• ACES to ACEScg conversion in the read node
  • OCIOFileTransform applies the 3D-LUT file – the working colorspace must be now set to ACEScct.
  • The result is indirect-display-referred. Therefore no compensation for the view transform is needed.
possible clipping in dynamic range and gamut

Although the result has again a seemingly good dynamic range, the gamut compression could not be fully inverted. The dynamic range is also limited to a maximum that the ODT Rec.709 allows with a value of approx. 16.292 instead of the the aprox 55.0 that LogC supports. That’s why a 3D-LUT is only good for preview purposes.

A list of maximum scene linear values that are supported by different log encoded formats can be found here.

To show the loss of dynamic range I use another image that I created for another article.

Nuke generated ramps from 0-64 in the topmost stipe and each stripe below is reduced by 1-stop or half the amount. The moment is was written out as a LogC dpx file the values about 55.000 got truncated.
ACES (Rec709) View Transform of the ramps in stripes from 0-64 with a red color indicator showing that the LogC dpx file could not handle values higher than 55.000

That is a good example showing why ACES image data needs to be saved as EXR files. Let’s see what happens when I pass this file now through the ARRI ALEXA default LogC to Rec.709 3D-LUT.

The same image with the default ARRI ALEXA 3D-LUT LogC to Rec.709 applied. The green indicates the clipping occurs now at a value of 16.292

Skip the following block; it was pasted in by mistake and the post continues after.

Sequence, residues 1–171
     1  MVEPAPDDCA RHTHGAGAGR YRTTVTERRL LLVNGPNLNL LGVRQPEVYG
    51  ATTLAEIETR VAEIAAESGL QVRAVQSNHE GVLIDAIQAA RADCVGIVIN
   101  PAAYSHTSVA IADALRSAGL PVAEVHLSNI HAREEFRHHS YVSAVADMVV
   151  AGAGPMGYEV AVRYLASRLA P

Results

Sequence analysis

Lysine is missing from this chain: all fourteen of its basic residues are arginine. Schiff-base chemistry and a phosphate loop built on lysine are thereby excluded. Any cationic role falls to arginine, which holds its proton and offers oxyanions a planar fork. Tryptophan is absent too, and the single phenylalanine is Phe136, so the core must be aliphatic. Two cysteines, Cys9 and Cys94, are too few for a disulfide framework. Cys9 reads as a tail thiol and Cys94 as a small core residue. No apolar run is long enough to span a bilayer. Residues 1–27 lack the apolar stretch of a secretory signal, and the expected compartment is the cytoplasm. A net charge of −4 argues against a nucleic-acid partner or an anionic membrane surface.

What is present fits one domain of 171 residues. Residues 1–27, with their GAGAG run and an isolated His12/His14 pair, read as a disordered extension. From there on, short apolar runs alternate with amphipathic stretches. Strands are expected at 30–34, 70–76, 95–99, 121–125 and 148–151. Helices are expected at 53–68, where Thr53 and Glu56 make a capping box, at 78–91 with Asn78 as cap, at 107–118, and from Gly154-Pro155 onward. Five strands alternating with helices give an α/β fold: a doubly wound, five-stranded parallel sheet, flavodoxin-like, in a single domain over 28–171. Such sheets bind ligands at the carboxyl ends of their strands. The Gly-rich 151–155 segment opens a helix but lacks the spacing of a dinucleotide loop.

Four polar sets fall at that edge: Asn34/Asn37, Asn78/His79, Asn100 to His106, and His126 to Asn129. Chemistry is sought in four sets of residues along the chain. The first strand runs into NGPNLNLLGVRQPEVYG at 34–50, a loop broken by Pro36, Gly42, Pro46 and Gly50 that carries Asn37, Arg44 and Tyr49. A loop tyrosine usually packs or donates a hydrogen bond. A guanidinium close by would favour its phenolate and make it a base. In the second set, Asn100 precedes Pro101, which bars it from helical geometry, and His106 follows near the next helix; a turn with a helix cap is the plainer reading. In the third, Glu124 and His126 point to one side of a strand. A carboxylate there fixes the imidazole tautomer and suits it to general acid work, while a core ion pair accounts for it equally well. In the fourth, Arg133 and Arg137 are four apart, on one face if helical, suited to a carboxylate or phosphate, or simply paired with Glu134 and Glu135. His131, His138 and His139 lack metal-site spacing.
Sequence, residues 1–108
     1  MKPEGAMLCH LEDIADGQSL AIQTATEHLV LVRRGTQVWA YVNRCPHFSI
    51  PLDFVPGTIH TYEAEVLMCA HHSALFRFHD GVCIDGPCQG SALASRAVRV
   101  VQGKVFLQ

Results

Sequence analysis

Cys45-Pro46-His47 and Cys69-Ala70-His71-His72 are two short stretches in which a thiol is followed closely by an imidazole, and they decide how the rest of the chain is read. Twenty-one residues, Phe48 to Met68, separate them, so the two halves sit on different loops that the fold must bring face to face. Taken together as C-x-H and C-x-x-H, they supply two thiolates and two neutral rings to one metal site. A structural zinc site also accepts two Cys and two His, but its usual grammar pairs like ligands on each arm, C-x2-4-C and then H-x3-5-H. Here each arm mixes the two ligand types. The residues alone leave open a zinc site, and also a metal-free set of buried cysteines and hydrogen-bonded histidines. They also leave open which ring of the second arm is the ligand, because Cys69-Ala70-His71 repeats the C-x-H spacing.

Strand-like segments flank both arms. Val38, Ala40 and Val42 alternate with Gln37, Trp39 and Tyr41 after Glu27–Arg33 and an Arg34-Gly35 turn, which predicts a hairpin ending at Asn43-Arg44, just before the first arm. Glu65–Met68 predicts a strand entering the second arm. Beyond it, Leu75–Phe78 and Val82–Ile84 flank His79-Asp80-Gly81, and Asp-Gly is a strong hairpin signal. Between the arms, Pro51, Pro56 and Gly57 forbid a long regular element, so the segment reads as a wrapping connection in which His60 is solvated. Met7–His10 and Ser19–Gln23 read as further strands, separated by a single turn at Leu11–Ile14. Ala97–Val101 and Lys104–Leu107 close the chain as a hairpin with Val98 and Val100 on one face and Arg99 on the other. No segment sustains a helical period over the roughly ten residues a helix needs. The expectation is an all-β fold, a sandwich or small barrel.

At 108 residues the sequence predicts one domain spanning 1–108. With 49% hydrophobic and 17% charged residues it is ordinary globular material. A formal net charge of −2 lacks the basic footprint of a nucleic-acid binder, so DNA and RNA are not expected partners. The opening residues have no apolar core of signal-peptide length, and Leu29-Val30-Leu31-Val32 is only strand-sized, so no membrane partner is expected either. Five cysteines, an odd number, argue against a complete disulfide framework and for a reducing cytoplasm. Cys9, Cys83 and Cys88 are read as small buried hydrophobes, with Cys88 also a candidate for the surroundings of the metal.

ACES Rec.709 view transform (RED) vs. a 3D-LUT applied midstream in the ACES pipeline before the RRT & ODT is applied.
Nuke steps: ACEScg–>LogC–>apply 3D-LUT–>Rec.709–>ACEScg

A second example I made with my ACES ColorBars. The brightest red, green and blue patches have color values that are far out of gamut from Rec.709. That’s why these values cannot be retrieved after a 3D-LUT was applied.

If you want to know why I created the ACES ColorBars in the first place. Please follow the link.

My ColorBars for ACES – Left: ACES to Rec.709 – Right: 3D-LUT LogC to Rec.709 applied before the RRT&ODT.
The problems are even more visible on the ACES ColorBars that I created.

The color management of flame is even more open and flexible than the one of Nuke. But this means you need more manual steps to end up with the same result. But the main steps are the same of course. I start with the same ungraded open EXR image sequence as I did in Nuke. In the Media Hub I chose the method Auto-Convert by rules to import the image sequence. The images are converted to ACEScg, and the viewer is again ACES Rec.709.

I wrote another article on the different methods that flame offers when ingesting data. Please find it here.

Ungraded Clip F003C008 exported with a baked in ACES Rec.709 ODT.

The difference in flame in comparison to nuke is that I need to begin the steps with a color primary transform from the working colorspace ACEScg to ACES and back again to ACEScg from ACES at the end.